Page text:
The playlist comprises four of my favorite tracks from the second volume of KGSR’s Broadcasts CDs. KGSR is a radio station in Austin, Texas; it gets some great musicians into its studios, and the proceeds from the CDs go to great causes. The CDs sell out. I’m not sure when volume 2 did so, but I suspect that it was a long time ago, given that it came out in 1994.

The playlist starts with my favorite track from volume 2: Freedy Johnston doing “Bad Reputation” solo acoustic. It was the first version of the song I heard, and it spoiled me for the studio version. Then there’s a track each from Kirsty MacColl, Alejandro Escovedo, and Crowded House.

Time to Try Yahoo Music Again?

I don’t have much to do with Yahoo these days, apart from continuing to use my email there. (But emails related to this blog are best addressed to andrew at changingway dot org). In particular, I canceled my subscription to Yahoo! Music Unlimited a while ago.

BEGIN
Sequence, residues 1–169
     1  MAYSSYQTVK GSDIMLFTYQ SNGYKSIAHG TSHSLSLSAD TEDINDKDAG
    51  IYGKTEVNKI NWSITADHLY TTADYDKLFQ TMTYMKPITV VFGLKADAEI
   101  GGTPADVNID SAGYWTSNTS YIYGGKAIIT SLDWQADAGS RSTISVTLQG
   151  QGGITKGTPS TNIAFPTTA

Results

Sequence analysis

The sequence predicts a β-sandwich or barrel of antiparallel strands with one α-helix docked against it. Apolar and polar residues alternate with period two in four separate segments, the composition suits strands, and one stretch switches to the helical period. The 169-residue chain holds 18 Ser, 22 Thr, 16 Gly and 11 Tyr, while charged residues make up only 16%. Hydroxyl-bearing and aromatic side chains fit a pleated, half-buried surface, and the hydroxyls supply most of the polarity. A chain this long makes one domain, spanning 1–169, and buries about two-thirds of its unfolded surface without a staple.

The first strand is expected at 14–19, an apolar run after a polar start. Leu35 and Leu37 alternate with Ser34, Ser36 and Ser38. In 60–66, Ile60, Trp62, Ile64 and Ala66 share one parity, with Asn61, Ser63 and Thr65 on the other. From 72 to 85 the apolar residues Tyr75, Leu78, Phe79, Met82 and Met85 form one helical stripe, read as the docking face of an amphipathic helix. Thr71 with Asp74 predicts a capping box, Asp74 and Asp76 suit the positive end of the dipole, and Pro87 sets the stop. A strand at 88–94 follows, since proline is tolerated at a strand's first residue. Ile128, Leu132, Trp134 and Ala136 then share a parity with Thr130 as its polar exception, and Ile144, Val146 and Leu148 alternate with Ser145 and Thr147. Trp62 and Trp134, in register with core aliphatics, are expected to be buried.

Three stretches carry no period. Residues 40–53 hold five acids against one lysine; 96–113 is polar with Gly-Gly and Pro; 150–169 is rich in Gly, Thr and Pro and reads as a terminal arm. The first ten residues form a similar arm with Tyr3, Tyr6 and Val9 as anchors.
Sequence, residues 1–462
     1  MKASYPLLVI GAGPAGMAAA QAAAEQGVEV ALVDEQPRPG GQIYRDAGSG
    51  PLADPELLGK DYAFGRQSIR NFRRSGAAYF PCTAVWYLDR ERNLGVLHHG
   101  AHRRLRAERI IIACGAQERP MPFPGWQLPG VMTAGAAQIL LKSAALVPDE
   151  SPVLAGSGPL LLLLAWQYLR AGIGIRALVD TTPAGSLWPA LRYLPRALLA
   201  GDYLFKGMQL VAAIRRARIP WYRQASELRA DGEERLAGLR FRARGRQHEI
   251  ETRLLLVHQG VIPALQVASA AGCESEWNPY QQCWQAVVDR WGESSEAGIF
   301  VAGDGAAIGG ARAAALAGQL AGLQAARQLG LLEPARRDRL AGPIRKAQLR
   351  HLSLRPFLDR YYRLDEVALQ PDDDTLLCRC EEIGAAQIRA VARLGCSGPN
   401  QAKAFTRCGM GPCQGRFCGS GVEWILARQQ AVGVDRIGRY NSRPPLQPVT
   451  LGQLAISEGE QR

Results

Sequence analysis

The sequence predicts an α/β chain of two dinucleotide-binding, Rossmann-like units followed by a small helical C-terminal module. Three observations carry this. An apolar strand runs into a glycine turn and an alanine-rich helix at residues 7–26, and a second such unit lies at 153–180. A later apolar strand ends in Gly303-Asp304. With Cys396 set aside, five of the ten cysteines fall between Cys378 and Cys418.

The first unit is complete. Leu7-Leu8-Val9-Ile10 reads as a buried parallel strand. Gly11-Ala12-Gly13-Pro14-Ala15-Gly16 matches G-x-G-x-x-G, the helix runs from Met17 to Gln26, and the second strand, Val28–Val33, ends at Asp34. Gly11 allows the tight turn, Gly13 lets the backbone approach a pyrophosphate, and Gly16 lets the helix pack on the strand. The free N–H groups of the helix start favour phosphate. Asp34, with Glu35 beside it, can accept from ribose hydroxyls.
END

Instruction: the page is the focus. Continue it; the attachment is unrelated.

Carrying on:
Maybe there will be reason to take another look at Yahoo Music in 2008. I say that based on an excellent post/presentation by Ian Rogers, VP Video and Media Applications at Yahoo! (via Read/Write Richard). I’ll quote Ian on two of his main points.

  1. There is more opportunity in leveraging the scale of the Web than trying to create scarcity.
  2. We will do this together by creating a loosely-coupled value chain including users as value creators.

The strongest aspects of Ian’s post are his admission that he has in the past been part of the scarcity conspiracy, his use of concrete examples, and the position he’s writing from. To be specific about his concreteness, he develops some ideas on digital packaging and emphasizes open standards.